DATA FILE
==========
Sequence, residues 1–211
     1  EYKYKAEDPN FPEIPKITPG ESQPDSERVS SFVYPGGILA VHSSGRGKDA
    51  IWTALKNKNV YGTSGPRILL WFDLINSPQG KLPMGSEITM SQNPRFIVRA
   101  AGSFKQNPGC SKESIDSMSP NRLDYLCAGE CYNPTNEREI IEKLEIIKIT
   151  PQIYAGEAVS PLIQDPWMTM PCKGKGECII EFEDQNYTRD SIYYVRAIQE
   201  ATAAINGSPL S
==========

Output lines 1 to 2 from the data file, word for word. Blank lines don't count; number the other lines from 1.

Sequence, residues 1–211
     1  EYKYKAEDPN FPEIPKITPG ESQPDSERVS SFVYPGGILA VHSSGRGKDA